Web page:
A shot in the arm: Coping with change fatigue in pharma
On Monday 13 October, Shail Thaker, Partner, McKinsey & Co., addressed Coping with change fatigue in pharma. “Change is proving hard for us as an industry,” said Thaker, who noted that other industries, such as the communications, automotive, semi-conductor, and more recently the banking industry, have gone through profound and successful fundamental transformations in recent decades.
Those industries, he said, went through and achieved transformations, “the hallmark of which has been a structural shift.”
So where does that put pharma? He cited two elements crucial to organizational change: “performance” and “health.” Performance he suggested is what is “delivered,” while the health of an industry involves alignment to execute and the ability to self-renew.
“How has pharma been doing?” he asked while looking at 32 ‘activities’ that would indicate organizational health. “It’s not the picture of health.”
He reduced those 32 items to five important realities that did not reflect a picture of health for any industry and did not bode well for success, and then focused attention back on pharma.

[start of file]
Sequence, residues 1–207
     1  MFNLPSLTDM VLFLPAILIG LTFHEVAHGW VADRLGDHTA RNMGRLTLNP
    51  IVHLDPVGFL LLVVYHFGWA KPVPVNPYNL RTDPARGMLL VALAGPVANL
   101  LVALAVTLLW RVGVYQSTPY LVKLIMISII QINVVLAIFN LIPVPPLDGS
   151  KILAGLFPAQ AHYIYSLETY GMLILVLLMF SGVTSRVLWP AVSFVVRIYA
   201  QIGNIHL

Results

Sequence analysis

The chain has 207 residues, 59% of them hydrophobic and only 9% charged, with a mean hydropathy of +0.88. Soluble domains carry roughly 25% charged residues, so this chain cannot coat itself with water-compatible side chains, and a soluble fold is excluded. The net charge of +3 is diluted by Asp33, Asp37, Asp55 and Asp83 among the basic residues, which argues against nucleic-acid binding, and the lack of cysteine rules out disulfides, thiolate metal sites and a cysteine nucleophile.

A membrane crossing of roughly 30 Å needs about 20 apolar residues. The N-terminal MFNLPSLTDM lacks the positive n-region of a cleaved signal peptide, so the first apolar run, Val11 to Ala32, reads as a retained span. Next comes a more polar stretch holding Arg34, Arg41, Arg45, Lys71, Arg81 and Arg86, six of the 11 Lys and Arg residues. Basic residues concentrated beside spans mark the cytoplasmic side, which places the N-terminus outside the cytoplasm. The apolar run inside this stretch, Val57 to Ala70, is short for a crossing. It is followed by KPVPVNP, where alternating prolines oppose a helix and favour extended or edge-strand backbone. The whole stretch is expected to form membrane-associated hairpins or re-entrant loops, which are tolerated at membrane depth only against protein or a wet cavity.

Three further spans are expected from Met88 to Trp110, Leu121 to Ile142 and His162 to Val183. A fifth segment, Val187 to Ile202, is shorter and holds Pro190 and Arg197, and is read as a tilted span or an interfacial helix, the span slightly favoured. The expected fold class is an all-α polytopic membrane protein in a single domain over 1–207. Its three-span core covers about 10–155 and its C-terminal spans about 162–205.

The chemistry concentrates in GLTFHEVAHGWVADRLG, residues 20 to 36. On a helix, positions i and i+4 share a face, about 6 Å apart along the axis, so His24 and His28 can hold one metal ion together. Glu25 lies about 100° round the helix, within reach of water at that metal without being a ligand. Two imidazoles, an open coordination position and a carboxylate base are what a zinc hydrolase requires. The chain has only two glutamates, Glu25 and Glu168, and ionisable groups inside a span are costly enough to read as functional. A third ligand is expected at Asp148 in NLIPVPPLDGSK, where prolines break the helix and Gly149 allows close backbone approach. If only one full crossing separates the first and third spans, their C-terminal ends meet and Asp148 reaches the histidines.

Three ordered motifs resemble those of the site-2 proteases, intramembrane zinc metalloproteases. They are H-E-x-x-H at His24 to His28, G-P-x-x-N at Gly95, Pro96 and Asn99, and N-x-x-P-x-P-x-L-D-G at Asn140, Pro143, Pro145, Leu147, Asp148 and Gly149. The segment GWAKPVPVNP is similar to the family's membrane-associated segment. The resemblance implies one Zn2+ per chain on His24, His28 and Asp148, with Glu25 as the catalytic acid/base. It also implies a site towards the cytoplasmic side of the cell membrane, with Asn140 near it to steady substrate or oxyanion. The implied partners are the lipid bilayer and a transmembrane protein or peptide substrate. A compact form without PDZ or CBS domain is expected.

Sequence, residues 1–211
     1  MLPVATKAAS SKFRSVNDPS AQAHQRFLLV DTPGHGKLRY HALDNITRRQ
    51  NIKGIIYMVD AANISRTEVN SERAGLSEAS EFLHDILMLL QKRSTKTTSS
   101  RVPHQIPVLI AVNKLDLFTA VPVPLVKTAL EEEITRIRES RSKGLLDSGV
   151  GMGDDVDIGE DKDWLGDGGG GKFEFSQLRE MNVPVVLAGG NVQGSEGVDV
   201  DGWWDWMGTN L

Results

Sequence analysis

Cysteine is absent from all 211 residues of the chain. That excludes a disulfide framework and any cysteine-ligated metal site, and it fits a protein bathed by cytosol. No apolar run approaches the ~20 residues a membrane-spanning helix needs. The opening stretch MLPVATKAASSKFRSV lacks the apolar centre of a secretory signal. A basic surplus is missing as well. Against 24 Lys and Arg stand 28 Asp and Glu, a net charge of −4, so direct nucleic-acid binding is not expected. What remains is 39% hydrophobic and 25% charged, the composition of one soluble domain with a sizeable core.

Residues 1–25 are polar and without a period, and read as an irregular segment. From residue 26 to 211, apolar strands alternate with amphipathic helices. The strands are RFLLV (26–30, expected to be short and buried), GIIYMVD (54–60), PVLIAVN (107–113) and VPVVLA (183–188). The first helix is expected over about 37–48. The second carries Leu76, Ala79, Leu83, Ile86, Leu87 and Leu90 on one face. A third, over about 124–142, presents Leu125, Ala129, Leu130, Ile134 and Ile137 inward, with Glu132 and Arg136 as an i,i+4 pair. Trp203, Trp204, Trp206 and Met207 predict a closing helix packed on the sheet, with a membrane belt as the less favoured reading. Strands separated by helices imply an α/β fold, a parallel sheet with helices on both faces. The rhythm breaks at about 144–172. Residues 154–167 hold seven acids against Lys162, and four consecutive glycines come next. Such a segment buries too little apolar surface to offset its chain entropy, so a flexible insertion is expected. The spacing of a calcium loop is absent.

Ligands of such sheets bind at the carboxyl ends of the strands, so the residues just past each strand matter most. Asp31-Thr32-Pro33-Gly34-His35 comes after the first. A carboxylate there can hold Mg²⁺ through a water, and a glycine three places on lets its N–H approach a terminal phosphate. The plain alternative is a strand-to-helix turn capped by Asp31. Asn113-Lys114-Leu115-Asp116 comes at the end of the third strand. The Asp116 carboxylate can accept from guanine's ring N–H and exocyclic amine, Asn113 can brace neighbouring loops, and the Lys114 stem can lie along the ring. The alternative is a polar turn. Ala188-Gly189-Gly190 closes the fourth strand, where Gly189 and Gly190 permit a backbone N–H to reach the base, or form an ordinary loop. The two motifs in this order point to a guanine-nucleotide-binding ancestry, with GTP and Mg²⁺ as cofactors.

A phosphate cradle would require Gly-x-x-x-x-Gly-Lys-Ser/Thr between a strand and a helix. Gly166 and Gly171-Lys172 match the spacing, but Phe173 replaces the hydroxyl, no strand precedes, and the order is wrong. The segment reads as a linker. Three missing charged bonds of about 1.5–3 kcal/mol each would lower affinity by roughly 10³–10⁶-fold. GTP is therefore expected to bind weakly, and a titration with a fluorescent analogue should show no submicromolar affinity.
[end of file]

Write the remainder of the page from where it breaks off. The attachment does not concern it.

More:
First, a declining sense of direction is not good. Equally undesirable is, second, a radical shift in leadership styles with a decrease in “supportive” style, the opposite of “authoritarian” style. Third, a significantly increased ‘inward focus’ is not a good sign. It detracts from the customer focus.
“Taking a burdensome approach to managing key processes, such as compliance, is fourth,” said Thaker. “Fifth among the signs of struggle is an underinvestment in managing change itself.”
He said that in pharma there has been a consistent underestimation of what is required to make change happen.
Although he claimed not to have a “silver bullet’ to drive successful change, Thaker suggested sticking to your change ‘story’; being disciplined for transformation; delivering meaningful simplifications; and ‘hardwiring’ a focus so that the focus is more than rhetoric.
“Health is not hard to measure,” he concluded. “When you are dealing with change, do it with discipline and do it well.”